Designer Anamika Khanna and Birdhichand Ghanshyamdas Jewellers share a lot in common—their relentless push for experimentation, deconstruction techniques, fun styling.
This season, the luxury jewellery brand and the celebrated couturier joined forces to paint a new couture canvas, where metallics play a key role and pearls take centre stage. Their work was on show at the India Couture Week, which concluded on 31 July in Delhi. Talking about the collaboration, Khanna said, "Whenever we are looking for a collaboration, we look for someone who's absolutely open minded and willing to experiment. Yash (Yash Agarwal, the creative director of Birdhichand Ghanshyamdas Jewellers) lets us literally play with precious jewellery, experiment and push boundaries. Plus, there's a synergy, the aesthetics talk to each other."
In an interview with Lounge, Agarwal explains us the design process and what goes behind in creating a couture jewellery line. Edited excerpts:
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With so many couturiers showcasing as part of the India Couture Week, what made you pick Anamika Khanna for collaboration?
Simply because, for her, work is worship. Her thought process behind fashion is totally different. Fashion is not just about wearing expensive clothes, it's more about making a statement and coming out differently.
High jewellery and couture are a match in heaven. What are the new-age jewellery essentials for today’s bride?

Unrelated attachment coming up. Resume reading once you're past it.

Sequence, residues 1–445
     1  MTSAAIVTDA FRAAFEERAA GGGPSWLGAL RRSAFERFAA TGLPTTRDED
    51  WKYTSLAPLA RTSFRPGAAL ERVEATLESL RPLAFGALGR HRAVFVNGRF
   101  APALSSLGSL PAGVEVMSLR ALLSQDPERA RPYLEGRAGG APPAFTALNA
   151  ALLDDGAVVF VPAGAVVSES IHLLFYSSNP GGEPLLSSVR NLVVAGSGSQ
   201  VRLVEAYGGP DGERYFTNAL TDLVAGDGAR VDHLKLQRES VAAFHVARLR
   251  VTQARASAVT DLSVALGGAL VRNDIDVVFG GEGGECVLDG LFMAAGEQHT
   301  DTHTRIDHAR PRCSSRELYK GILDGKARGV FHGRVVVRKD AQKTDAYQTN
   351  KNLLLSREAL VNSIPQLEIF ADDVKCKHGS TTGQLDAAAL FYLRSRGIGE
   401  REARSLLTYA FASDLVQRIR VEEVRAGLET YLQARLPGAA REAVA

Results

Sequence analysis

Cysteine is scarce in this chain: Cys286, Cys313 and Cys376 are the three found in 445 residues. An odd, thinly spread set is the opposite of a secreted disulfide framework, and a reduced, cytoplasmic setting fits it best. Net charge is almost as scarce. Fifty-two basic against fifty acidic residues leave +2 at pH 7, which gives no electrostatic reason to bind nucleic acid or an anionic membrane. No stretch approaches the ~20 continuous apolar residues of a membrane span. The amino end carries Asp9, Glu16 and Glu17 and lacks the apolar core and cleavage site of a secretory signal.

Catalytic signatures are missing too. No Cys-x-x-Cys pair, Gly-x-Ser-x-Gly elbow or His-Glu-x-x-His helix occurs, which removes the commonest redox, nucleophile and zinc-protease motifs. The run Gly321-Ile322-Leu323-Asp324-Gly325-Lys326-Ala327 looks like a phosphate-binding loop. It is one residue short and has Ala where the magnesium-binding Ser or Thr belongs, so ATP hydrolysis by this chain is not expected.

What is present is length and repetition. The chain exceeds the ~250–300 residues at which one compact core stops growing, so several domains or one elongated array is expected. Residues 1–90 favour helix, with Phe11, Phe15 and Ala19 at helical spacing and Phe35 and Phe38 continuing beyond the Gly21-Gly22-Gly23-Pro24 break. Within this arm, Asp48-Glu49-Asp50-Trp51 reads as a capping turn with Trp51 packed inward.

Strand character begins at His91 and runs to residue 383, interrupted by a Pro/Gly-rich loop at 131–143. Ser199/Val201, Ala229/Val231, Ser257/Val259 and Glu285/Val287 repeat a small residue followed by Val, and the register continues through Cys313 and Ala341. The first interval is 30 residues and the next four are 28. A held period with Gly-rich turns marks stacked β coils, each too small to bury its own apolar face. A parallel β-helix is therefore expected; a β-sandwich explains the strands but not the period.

Whatever looks good on you is what bridal couture means. There is no compulsion that a bride has to wear a choker, multiple necklaces or tikkas and bangles. Whatever a bride is comfortable in, she should go for that. Through this collection, I wanted to show that even fine couture jewellery can be worn in many fun ways and brides can experiment too.
Could you explain the process of designing the collection with Anamika Khanna, who’s known for her push on embroidery and textile manipulation techniques?
Anamika loves traditional Indian crafts, yet loves to experiment. Working with her has been fun because she comes with many surprises. One day she wakes up and tells me, "Yash, I have ripped off my very expensive vintage zardozi lehenga and created something.” That’s what I believe in too. Experimenting is very important; if you don’t experiment, you will keep on repeating your work.
Could you elaborate on the deconstruction techniques you’ve experimented with in this collection?
When we were designing this collection, we wanted to create something very unique, something out of the box with a classic appeal. The materials used are not easily replicable. The collection is luxurious yet comfortable to wear. We wanted to create a unique identity with every piece, so we thought that this collection cannot be named. Luxury cannot be defined.
Who’s the woman you’re crafting the jewellery for?
Some like it minimal while others like to be the bride of the century. From crafting big layered necklaces, naths, mathapattis to dainty elegant light sets, we have covered it all for the millennial bride.
What is today’s it trend in jewellery?
Coloured stones, statement rings, playful pearls, layered looks.
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